By Stacy M. Brown (NNPA Newswire Contributor)
Three icons of their respective industries were honored at the National Newspaper Publishers Association’s annual Torch Awards dinner at The Dupont Circle Hotel in Washington, D.C.
Rep. Barbara Lee (D-Calif.), James Farmer of General Motors, and Rev. Dr. Amos C. Brown, a student of Dr. Martin Luther King Jr. and pastor of the Third Baptist Church of San Francisco took home the coveted trophies which are bestowed upon those who demonstrate excellence in their chosen profession or endeavor.
This year’s honorees join a legacy of high-achieving, community-serving African Americans.
“The San Francisco Sun Reporter gave me a voice,” said Lee, as she accepted her award from NNPA National Chair Dorothy Leavell, NNPA President Dr. Benjamin F. Chavis, Jr., and NNPA Foundation Chair Amelia Ashley-Ward, the publisher of the Sun Reporter.
Lee called Ashley-Ward, the publisher of the Sun Reporter, “truly a treasure,” before tearing into a recent secret FBI report that identified some activists in the Black community as “Black Identity Extremists.”
Farmer, whom Chavis praised as one of the most active advocates of the Black Press, completed more than 50 years of dedicated service to “not only his profession, but to the many organizations he served,” Chavis said.
A 1967 graduate of Central State University in Ohio, Farmer entered the automotive industry that year at Airtemp Division, Chrysler Corporation, as an advertising clerk, according to his biography.
There, he began a relationship with the only Black newspaper in Dayton, Ohio, the Dayton Black Express newspaper. After 10 years with Chrysler, Farmer took a position at General Motors where he continued to advocate and support the Black Press—a relationship that continues today.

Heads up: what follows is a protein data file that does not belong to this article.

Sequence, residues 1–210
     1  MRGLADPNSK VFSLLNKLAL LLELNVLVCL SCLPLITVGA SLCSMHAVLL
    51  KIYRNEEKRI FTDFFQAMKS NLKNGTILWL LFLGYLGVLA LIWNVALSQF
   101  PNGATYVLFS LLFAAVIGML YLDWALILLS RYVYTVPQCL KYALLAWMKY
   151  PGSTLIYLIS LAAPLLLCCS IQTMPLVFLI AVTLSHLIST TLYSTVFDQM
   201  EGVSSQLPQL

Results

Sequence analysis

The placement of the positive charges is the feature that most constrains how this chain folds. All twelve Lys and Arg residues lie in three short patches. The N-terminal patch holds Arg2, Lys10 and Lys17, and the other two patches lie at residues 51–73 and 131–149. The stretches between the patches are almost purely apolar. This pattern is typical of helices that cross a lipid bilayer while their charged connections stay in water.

Farmer said he appreciated the honor and will cherish it.
“This is a group that’s really in my heart,” he said of the Black Press. “If I gave up on the NNPA, I know corporate America could too.”
Brown, who also serves as president of the San Francisco branch of the NAACP and was only one of eight students who took the only college class ever taught by King, said the Black Press has and remains vital in America.
“Again, and again, you have heard from this ‘Dream Team’…this five-star [leadership team],” Brown said of Chavis, Leavell, Ashley-Ward and the leadership of the Black Press. “What African American leaders ought to be about in this nation. You have the chemistry to relate to all people around the word with compassion and courage and I hope you will keep this ‘Dream Team’ intact.”
The ceremony included remarks from Houston Forward Times Publisher and NNPA Vice Chair Karen Carter Richards, who said it was important that the Black Press honor its own.
“If we don’t honor our own, who will? Tonight, we are here to honor distinguished individuals in their fields,” Richards said.
Jackson Caesar, the nephew of gospel great Shirley Caesar, performed two solo songs during the awards ceremony while the group, One Vision Band, provided the entertainment.
Dr. Frederick D. Haynes, III, the Senior Pastor of the Friendship-West Baptist Church in Dallas, Texas, served as keynote speaker.